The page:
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Int. J. Environ. Res. Public Health 2015, 12(4), 3962-3978; doi:10.3390/ijerph120403962

Exposure to Seasonal Temperatures during the Last Month of Gestation and the Risk of Preterm Birth in Stockholm

Department of Public Health and Clinical Medicine, Occupational and Environmental Medicine, Umeå University, SE901 87 Umeå, Sweden
These authors contributed equally to this work.
Current address: Swiss Tropical and Public Health Institute. Socinstrasse 57, P.O. Box, CH-4002 Basel, Switzerland.
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Author to whom correspondence should be addressed.
Academic Editor: Paul B. Tchounwou
Received: 27 January 2015 / Accepted: 1 April 2015 / Published: 10 April 2015
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Abstract

Recent evidence from studies performed mainly in warm climates suggests an association between exposure to extreme temperatures late in pregnancy and an increased risk of preterm delivery. However, there have been fewer studies on the effect of low temperatures. The aim of this study is to explore the potential association between both heat and cold during late pregnancy and an increased risk of preterm birth in the northern location of Stockholm, Sweden. All singleton spontaneous births that took place in greater Stockholm (1998–2006) were included. Non-linear and delayed effects of mean temperature on the risk of preterm birth were explored through distributed lag non-linear models. Extreme and moderate heat and cold were estimated separately through quasi-Poisson regression analysis in two seasonal periods (heat in warm season, cold in cold season). The risk of preterm birth increased by 4%–5% when the mean temperature reached the 75th percentile (moderate heat) four weeks earlier (reference: the annual median value), with a maximum cumulative risk ratio of 2.50 (95% confidence interval: 1.02–6.15). Inconsistent associations were obtained for cold and extreme heat. Exposure to moderately high temperatures during late pregnancy might be associated with an increase in risk of preterm birth in Stockholm. View Full-Text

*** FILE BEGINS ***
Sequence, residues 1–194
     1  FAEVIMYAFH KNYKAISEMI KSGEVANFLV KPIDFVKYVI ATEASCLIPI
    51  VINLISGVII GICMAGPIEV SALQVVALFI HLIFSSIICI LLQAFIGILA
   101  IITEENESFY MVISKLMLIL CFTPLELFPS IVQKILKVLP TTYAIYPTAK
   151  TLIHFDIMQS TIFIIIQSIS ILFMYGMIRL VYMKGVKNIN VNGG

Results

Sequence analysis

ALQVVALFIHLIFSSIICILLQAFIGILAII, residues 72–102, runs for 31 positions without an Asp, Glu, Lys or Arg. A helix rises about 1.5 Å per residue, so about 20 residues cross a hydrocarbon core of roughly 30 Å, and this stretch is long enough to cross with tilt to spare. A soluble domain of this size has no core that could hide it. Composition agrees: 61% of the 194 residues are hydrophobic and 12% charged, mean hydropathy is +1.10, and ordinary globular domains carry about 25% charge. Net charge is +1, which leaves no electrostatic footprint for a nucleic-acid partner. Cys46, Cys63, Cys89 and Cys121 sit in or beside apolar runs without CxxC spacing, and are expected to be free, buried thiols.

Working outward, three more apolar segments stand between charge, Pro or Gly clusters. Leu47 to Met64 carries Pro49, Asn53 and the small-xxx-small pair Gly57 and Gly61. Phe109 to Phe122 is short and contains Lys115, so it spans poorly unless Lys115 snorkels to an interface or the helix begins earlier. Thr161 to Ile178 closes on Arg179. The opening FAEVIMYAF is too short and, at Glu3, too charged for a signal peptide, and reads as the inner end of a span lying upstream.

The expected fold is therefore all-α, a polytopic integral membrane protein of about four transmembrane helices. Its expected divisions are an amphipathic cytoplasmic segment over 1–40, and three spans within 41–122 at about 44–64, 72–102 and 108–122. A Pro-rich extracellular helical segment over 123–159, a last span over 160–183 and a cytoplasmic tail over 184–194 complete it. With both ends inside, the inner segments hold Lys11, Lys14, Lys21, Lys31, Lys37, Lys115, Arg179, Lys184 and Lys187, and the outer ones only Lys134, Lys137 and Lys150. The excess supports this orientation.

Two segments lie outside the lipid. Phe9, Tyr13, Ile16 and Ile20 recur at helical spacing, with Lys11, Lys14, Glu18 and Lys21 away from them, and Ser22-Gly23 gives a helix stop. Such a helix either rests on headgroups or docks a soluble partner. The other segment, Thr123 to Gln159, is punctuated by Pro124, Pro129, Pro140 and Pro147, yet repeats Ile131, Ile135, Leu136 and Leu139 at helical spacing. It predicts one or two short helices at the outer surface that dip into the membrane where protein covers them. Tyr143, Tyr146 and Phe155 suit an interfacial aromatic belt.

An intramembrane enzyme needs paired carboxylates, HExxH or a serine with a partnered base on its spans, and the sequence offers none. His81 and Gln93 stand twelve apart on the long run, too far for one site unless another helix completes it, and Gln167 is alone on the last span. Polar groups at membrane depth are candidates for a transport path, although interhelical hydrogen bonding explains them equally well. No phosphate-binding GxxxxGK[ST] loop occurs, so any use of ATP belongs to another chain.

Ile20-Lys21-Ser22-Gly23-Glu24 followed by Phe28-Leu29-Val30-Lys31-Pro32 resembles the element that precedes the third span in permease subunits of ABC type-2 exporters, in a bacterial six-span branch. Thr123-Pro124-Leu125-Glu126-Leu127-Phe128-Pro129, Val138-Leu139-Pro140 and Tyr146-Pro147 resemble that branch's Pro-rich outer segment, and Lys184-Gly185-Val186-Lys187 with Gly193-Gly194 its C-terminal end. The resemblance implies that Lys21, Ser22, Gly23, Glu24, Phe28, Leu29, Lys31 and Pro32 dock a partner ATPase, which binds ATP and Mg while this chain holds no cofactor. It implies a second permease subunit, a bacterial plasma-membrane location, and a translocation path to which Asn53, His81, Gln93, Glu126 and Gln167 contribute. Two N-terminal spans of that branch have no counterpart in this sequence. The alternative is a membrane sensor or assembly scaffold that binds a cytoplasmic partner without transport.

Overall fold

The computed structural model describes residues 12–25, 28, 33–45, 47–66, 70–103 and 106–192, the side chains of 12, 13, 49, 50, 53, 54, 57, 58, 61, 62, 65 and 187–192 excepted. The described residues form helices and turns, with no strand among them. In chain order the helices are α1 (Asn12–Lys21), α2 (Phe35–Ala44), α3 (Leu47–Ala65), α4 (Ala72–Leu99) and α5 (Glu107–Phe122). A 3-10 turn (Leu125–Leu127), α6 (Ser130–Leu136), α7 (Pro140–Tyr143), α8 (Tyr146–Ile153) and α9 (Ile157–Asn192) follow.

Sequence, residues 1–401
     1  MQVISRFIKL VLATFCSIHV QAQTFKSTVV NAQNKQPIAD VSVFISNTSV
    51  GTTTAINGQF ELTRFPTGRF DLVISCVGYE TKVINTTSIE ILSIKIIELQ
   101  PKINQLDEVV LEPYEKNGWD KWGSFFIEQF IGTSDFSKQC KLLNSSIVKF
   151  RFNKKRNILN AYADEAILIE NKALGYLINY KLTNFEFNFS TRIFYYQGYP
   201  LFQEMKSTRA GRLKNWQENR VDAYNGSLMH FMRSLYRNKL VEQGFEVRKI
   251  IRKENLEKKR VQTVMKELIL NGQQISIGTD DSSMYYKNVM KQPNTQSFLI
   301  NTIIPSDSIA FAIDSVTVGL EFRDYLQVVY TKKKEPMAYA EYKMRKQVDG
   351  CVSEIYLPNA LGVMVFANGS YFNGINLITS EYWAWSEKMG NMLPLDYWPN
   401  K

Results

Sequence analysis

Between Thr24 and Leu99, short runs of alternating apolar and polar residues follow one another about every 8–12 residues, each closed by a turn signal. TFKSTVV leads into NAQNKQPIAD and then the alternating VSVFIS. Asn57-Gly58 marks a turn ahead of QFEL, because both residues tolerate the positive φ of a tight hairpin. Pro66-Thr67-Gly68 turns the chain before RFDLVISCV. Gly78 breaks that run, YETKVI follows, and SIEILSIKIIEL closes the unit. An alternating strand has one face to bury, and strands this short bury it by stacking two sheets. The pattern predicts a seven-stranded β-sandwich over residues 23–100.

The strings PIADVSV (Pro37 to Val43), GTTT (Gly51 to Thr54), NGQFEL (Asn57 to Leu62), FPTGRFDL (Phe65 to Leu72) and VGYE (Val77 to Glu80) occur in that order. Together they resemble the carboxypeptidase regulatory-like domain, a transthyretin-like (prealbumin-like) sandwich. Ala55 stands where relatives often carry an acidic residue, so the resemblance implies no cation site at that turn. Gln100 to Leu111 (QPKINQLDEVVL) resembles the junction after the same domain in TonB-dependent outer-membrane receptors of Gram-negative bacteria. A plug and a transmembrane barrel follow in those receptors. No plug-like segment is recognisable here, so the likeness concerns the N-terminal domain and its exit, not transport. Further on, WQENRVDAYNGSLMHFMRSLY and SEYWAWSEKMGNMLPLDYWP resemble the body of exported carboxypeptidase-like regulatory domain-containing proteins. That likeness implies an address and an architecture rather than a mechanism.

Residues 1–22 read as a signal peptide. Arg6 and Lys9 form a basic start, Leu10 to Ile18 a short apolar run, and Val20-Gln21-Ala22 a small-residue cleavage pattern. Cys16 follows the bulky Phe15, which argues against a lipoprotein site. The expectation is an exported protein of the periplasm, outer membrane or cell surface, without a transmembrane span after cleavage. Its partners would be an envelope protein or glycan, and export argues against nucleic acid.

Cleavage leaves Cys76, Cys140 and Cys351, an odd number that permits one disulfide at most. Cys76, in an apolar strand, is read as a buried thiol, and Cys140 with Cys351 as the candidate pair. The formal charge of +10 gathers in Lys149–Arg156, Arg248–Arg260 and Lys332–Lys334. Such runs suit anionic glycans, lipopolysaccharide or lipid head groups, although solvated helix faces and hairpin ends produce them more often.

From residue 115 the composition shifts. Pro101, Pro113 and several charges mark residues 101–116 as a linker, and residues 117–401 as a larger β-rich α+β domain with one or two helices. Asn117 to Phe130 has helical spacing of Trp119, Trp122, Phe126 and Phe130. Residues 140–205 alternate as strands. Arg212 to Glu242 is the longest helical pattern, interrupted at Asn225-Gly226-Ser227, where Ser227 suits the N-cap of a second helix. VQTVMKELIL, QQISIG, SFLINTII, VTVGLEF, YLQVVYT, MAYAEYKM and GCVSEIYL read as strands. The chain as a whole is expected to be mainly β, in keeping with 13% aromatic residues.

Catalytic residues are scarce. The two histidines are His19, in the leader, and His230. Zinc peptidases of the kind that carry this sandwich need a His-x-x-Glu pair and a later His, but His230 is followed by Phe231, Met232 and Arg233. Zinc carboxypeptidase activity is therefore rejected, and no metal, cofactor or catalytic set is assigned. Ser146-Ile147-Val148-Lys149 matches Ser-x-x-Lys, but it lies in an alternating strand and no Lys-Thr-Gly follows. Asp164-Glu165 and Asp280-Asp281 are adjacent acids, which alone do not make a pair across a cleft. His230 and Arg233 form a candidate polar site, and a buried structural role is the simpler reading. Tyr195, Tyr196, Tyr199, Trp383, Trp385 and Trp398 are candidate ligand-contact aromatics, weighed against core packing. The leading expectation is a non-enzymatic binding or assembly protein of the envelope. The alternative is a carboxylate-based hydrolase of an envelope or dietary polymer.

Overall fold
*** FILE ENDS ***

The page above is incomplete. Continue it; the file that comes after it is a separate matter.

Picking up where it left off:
Keywords: preterm birth; climate change; ambient temperature; heat; cold preterm birth; climate change; ambient temperature; heat; cold
This is an open access article distributed under the Creative Commons Attribution License which permits unrestricted use, distribution, and reproduction in any medium, provided the original work is properly cited. (CC BY 4.0).

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MDPI and ACS Style

Vicedo-Cabrera, A.M.; Olsson, D.; Forsberg, B. Exposure to Seasonal Temperatures during the Last Month of Gestation and the Risk of Preterm Birth in Stockholm. Int. J. Environ. Res. Public Health 2015, 12, 3962-3978.

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